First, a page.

deploysmechanisms of repetition - infinitely varying rhythms and refrains - which arenothing more or less than the buttresses of existence, since they allowdiscourse, or any link in the discursive chain, to become the bearer of a non-discursivity which, stroboscope-like, cancels out the play of distinctiveoppositions at the level of both content and form of expression. What is more,those mechanisms are the very condition of emergence and re-emergence of the unique events - incorporeal universes of reference - which punctuate theunfolding of individual and collective historicity.There was once a time when Greek theatre - or courtly love, or the courtlyromance - were the standard models of, or modules for, subjectivity. Today itis Freudianism whose ghostly presence is visible in the forms in which wemaintain the existence of sexuality, of childhood, of neurosis. And although,for the time being, I do not envisage transcending Freudianism
(le fait  freudien),
nor argue that we should write it off altogether, I do propose thatwe re-orient its concepts and practices - put them to another use, uproot themfrom their pre-structuralist attachment to a subjectivity wholly anchored in theindividual and collective past. What is now on the agenda is a 'futurist' or'constructivist' opening-up of fields of possibility. The unconscious remainsbound to archaic fixations only as long as no assemblage exists within which itcan be oriented towards the future; and in the future that faces us,
temporalities of both human and non-human nature will demand just such anexistential reorientation. With the acceleration of the technological and data-processing revolutions, we will witness the deployment or, if you will, theunfolding of animal, vegetable, cosmic, and machinic becomings which arealready prefigured by the prodigious expansion of computer-aided subjectivity.Those developments - the formation and remote-controlling of humanindividuals and groups - will of course also be governed by institutional andsocial class dimensions. In that context, we will have to play around withpsychoanalysis, find ways of evading the phantasmatic traps of psychoanalytical myth, rather than cultivating and maintaining it like an ornamentalgarden.Sadly, of course, psychoanalysts today are even more entrenched than theirpredecessors in what we might call a 'structuralization' of unconsciouscomplexes - a fact which produces a dryness and intolerable dogmatism intheir theoretical writings, an impoverishment of their practical interventions,and a stereotyping which makes them impervious to the singular otherness of their patients. I have referred above to ethical paradigms; and in so doing, Iwant chiefly to emphasize both the responsibility and the necessary'involvement', not only of workers in the psychoanalytical field, but of allthose outside it who are in a position to intervene in individual and collectivepsychic agencies (through education, health, culture, sport, art, the media,fashion, etc.). It is ethically unacceptable for anyone operating in the field of subjectivity to shelter - as so many do - behind a transferential neutralitywhose professed basis is the corpus of scientific work that has achieved masteryover the unconscious: unacceptable not least because any 'psychoanalyticaldomain' is grounded in the extension of - 'interfaces' with - the domains of the aesthetic.My insistence on the need for aesthetic paradigms is based on an attempt tostress the importance of perpetual reinvention - of always starting from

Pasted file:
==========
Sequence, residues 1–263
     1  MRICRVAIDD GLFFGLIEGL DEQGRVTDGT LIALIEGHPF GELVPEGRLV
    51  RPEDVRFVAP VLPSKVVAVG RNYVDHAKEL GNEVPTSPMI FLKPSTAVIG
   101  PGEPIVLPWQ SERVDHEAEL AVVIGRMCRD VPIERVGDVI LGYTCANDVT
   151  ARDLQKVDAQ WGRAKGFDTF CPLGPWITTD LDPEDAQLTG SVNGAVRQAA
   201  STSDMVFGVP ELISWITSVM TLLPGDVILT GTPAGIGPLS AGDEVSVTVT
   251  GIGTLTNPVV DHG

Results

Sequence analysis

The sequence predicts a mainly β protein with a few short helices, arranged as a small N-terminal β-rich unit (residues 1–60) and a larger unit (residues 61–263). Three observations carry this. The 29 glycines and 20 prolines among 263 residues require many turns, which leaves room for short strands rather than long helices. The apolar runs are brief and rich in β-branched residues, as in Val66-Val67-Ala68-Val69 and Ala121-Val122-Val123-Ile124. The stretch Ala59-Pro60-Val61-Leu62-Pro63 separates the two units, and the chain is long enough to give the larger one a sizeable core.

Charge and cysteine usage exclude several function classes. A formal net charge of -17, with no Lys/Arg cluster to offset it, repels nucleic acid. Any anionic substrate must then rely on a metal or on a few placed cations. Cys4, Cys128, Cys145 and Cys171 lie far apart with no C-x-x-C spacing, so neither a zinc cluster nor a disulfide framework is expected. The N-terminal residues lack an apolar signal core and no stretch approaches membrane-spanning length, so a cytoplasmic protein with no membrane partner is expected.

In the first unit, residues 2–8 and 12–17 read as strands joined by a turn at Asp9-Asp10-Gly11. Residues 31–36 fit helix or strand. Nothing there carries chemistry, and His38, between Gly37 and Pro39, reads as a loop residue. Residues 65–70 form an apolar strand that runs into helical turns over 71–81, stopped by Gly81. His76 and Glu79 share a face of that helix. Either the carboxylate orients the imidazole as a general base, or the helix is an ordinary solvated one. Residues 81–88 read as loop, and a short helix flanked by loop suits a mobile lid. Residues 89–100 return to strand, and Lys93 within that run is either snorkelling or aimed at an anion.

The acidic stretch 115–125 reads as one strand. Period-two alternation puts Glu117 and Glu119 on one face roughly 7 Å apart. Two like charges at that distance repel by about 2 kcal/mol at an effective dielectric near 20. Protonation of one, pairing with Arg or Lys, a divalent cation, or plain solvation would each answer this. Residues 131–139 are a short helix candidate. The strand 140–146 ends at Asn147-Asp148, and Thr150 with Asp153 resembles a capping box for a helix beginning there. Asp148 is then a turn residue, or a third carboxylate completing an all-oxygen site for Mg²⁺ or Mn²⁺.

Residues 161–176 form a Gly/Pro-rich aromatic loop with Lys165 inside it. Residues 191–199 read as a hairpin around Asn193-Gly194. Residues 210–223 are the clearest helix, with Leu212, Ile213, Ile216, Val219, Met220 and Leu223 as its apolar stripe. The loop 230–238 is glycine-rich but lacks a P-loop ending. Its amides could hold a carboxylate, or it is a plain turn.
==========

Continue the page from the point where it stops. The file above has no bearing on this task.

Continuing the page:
tabularasa -
particularly in the register of psychoanalytical practices. The alternativeis entrapment in deathly repetition. Thus the necessary precondition for anyregeneration of analysis - through schizoanalysis, for example - is to acknowledge the general principle that both individual and collective subjectiveassemblages have the potential to develop and proliferate far beyond theirordinary state of equilibrium. By their very essence, analytical cartographiesreach beyond the existential territories to which they are assigned. Like artistsand writers, the cartographers of subjectivity should seek, then, with eachconcrete performance, to develop and innovate, to create new perspectives,without prior recourse to assured theoretical foundations or the authority of agroup, school, conservatory, or academy. . . . Work in progress! An end topsychoanalytical, behaviourist, or systemist catechisms!To be sure, those who operate in the world of psychoanalysis, if they doindeed wish to find common ground with artists and writers, will have to shedtheir white coats - the invisible uniforms they wear in their heads, in theirlanguage and ways of being. The ideal of the artist is never to reproduce thesame work 
ad infinitum
(unless s/he is the Titorelli figure in Kafka's
The Trial,
who repeatedly paints identical portraits of the same judge!). Similarly, any